The Hidden Hard-line Side of George H.W. Bush

tags: George H W Bush

Jon Meacham is an executive editor at Random House and the author of American Lion: Andrew Jackson in the White House and, most recently, Destiny and Power: The American Odyssey of George Herbert Walker Bush.

In late 1990, after the United Nations Security Council passed a resolution in November giving a hard deadline for Saddam Hussein to withdraw from Kuwait by mid-January, President George H.W. Bush and his secretary of state, James Baker, mulled over different last-minute diplomatic possibilities. It had been four months since Iraqi tanks had rolled into its resource-rich neighbor, angling to seize control of oil facilities after a series of disputes over drilling and price changes. One of the possibilities Baker and Bush considered was a face-to-face session between Bush and Iraqi President Saddam Hussein. The argument, as Bush put it, was that “we need to have, for domestic consumption in the United States, a high level meeting where Saddam Hussein is told exactly how strongly we feel about this.” The president needed to appeal to the American public as his administration teetered on the edge of an offensive that would become the Gulf War.

Around Christmas that year, Bush became deeply disturbed by an Amnesty International report on the brutalities of the Iraqi occupation of Kuwait. He cited it frequently, offering it as evidence in support of his moral case for war. The Right Reverend Edmond Browning, the presiding bishop of the Episcopal Church in the United States, called at the White House to urge peace. An unusually passionate president handed Browning a copy of the Amnesty International report, then peppered the bishop with questions. In light of such systemic terror, “Now what do we do about peace?” Bush asked. “How do we handle it when these people are being raped?” His growing determination led him to one of his rare open avowals of the price he was willing to pay to remove Saddam from Kuwait. “If I don’t get the votes” in Congress for war, Bush remarked to then-Deputy National Security Adviser Robert Gates one day in the Oval Office, “I’m going to do it anyway. And if I get impeached, so be it.”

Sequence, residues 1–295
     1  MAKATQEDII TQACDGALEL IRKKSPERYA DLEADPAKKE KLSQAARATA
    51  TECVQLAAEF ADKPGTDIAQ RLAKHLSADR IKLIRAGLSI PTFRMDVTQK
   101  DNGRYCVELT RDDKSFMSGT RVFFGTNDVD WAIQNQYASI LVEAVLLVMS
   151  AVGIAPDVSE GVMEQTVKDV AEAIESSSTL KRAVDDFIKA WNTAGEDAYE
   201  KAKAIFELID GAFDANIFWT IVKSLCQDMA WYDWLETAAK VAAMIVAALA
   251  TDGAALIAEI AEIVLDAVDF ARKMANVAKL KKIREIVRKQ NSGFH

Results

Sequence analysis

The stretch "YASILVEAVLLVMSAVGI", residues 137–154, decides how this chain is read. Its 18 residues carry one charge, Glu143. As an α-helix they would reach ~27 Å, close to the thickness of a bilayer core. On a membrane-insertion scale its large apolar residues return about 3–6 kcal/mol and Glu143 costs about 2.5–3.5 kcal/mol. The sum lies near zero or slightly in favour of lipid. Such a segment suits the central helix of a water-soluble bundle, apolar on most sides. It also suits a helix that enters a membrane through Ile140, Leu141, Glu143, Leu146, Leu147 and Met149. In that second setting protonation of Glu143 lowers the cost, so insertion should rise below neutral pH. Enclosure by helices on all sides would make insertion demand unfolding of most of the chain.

It’s conventional wisdom today that George W. Bush shoved aside doubt and debate in pursuit of war with Iraq in 2002 and 2003. In a commonly accepted narrative, observers have long held that George H.W. Bush would have been more measured, less driven by gut and gut alone.

But, after working through the first of Bush’s tapes and diaries from the time period for my book, Destiny and Power: The American Odyssey of George Herbert Walker Bush, it’s become clear to me that George H.W. Bush was emotionally and morally attached to the idea of the Gulf War in the way that his son was to be about Iraq a decade later—even to the point of risking impeachment absent the approval of Congress. 

To a degree he kept hidden from many of his closest advisers, before whom he largely maintained a mask of command, Bush 41, in private, fretted that Congress might impeach him a) if he launched full-scale military operations in the absence of congressional approval and b) if the ensuing war went badly. Bush alluded to this possibility in his presidential diary on five occasions, ranging from Wednesday, December 12, 1990, to Sunday, January 13, 1991. But even given this threat, he was confident of the rightness of his course. ...

Read entire article at Politico

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